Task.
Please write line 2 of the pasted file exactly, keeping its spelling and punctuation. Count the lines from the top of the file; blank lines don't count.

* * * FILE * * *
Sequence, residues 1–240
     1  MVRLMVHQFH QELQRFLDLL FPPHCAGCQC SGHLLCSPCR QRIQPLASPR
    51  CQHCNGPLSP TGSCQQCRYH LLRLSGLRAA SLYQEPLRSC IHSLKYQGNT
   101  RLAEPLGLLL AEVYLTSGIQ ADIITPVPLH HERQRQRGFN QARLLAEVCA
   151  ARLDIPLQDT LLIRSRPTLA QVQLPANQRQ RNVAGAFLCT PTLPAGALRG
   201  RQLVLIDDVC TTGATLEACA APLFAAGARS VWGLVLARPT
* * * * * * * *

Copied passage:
     1  MVRLMVHQFH QELQRFLDLL FPPHCAGCQC SGHLLCSPCR QRIQPLASPR